Our first day is Etosha was very successful ! We saw three herds of elephants drinking and bathing at a waterhole, many springbok and gemsbok, black-faced impala’s, korhaans, kori bustards, blue wildebeest, spotted hyena and even black and white rhino’s at the waterhole from the viewing deck at the campsite.
The next days we drove almost all the tourist roads in the east side of Etosha all the way to Namutoni. All campsites at Etosha have a waterhole in walking distance of the camp, however the one at Okaukeuja really stands out from a viewing perspective. Again we are very lucky on our self drives having seen a pride of 7 lions (two adult males), a spotted hyena and even a leopard resting in a cave in the ridge of a waterhole while zebra’s and black-faced impalas graze right above it. Game driving is different here then in South Africa. Due to the draught of the last five years animals are mostly concentrated at waterholes, meaning you plan your drive from waterhole to waterhole and we conclude that you see the most animals at the hottest time of day the day while they are in search of water.
After four days in Etosha and the high temperatures we decided to stays a couple of days at Ethosha Safari Camp again, relaxing, working on the photo album of South Africa and having our laundry done.
This is a pretty little coastal town just 40 kilometers above Walvis Bay and brims of German colonial buildings. It is a nice setting just to wander through the centre of town and take in all the nice buildings, some perfectly restored and others almost in state of despair.
In the region around Swakopmund there is not only mining for diamond but also many other minerals/crystals. To get a good impression we visited the Kristall Gallery, a small museum and jewellery in one. It has some of the most incredible crystals in the world on display, including the largest quartz crystal that has ever been found, weighing 14.100 kilo. Looking behind it we saw a huge strong steel construction to support the rock for display.
At sunset we went to ‘the Tug’, by locals named as the best restaurant in town. The restaurant is located at the jetty and is housed in an actual tugboat. As the restaurant was fully booked, we ended up in the captain’s bar for some wine and oysters.
Since the weather had changed from 35-40 degrees in Sossusvlei to 15 degrees with a drizzle in Swakopmund we changed our plans and decide to leave the next day… Meaning no second try for Wilfred on sand boarding in the action-packed town of Namibia (quite equal to Queenstown in New Zeeland).
Omandumba, Omaruru and Brandberg
In Omandumba we stayed at a campsite in the Erongo Conservatory run by the local San people. While driving very close to the campsite we are pleased with a sighting of a giraffe, very close to the road. Wilfred absolutely loved the place; stating this is the prettiest site we camped at. There was only one place, meaning no neighbours at all (except for the San families on the other side of the large rock) giving a feeling that the campsite reached from where we were to the mountain range on the horizon. In the evening we noticed lots of baboons and remembering how aggressive they can be…we prepare our water pistol. Fortunately the baboons don’t come to the campsite and we have an undisturbed diner and breakfast.
The San families also operate a ‘Living Museum’, which provides an excellent opportunity to interact with them and learn more about their history. We did a short tour of the village were we learned how they make: ropes of a plant called ‘Gemsbok horn’, jewellery of ostrich egg shells, traps for guineafowls and bokkies and fire (without matches)…and yes even Wilfred learned form that!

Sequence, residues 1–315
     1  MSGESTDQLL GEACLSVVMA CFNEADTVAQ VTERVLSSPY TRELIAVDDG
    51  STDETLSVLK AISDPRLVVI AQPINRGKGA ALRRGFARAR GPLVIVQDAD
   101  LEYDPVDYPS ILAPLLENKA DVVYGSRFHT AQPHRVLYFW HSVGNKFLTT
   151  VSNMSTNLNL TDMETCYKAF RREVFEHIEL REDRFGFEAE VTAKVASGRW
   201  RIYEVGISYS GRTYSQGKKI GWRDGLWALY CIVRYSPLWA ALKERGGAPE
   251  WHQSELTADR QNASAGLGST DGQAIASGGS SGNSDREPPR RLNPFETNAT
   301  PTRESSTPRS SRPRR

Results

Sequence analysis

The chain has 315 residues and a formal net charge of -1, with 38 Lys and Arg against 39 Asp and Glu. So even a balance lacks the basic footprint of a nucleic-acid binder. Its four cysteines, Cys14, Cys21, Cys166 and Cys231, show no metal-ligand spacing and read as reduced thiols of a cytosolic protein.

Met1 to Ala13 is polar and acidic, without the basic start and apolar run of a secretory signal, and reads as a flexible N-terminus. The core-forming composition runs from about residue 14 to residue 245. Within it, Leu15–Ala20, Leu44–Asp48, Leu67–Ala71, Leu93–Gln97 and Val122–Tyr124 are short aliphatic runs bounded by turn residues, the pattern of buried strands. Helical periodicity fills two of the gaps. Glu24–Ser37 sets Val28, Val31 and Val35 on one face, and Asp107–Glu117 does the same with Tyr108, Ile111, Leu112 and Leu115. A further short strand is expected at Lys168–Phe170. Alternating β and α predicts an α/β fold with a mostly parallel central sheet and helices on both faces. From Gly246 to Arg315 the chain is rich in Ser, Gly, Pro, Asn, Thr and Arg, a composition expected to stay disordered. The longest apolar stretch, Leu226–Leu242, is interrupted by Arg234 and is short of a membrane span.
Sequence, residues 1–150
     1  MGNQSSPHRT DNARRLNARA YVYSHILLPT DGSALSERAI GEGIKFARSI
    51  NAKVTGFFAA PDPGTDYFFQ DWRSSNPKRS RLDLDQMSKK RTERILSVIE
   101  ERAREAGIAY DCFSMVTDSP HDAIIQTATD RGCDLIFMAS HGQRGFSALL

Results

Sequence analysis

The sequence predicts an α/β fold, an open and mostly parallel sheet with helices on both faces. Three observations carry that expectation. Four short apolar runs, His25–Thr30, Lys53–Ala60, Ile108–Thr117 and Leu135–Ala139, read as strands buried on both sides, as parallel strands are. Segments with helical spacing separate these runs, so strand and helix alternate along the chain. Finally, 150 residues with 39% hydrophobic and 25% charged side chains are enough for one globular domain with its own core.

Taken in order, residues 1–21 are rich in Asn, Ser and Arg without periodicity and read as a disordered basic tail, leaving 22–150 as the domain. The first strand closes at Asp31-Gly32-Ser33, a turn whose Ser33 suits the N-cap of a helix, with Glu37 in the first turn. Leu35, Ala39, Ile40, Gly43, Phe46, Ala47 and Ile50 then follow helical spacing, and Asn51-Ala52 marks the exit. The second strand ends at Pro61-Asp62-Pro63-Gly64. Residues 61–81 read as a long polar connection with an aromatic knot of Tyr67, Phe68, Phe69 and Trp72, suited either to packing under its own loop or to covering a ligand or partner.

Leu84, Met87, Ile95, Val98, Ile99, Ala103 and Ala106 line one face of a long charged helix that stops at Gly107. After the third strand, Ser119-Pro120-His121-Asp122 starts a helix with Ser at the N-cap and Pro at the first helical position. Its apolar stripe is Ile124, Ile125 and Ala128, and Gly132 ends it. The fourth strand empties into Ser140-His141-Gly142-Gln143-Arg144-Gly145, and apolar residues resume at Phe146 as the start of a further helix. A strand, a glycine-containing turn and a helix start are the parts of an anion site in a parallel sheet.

When we left the campsite in Omandumba towards Omaruru Wilfred saw a pamphlet of the region and read that white and black rhino were also living in the conservatory and could have crossed our path... Some things are better to learn afterwards, as the campsite was unfenced and we also hiked up the boulders to watch the sunset!
In Omaruru we visited one of the four wineries that Namibia has, Kristall Kellerie. They only produce two wines; one white and one red one, and next to that they produce different snapps, brandy and even gin. We did a tasting combined with a “local & lekker” plate, with local meats, such a kudu, springbok and zebra.
The next two nights we spent near Brandberg (Fire Mountain) on a campsite in the dry river bedding. Brandberg gets it’s name from the colouring of the massive pink granite during sunset, which resembles a fire. The summit is the highest peak of Namibia. The region is also well known for the Desert Elephant (a sub species that is supposed to have bigger feet to move easier through the desert). We learned that the elephants are quite far from the camp at the moment and decide to take it easy a read a book in the quietness of the campsite.
Erindi Private Game Reserve
In the Tug in Swakopmund we met a SA couple that was so enthusiastic about the Old Travellers lodge in the Erindi private game reserve that we decided to see if we could celebrate our wedding anniversary there and splurge a little. We booked ourselves in a luxury suite with full board and 2 game drives.
We did two game drives and were very lucky to see two male lions, two cheetah with a kill (probably impala), seven white rhinos, lots of different antelopes, giraffe, honey badger, many more. From the viewing deck that overlooks the dam we saw zebra’s drinking, hippo’s and even many African wild dogs (including puppy’s) and a brown hyena feeding on a carcas. Some of these animals we have on picture and others are in our memory forever. All in all a very lovely way to celebrate our anniversary!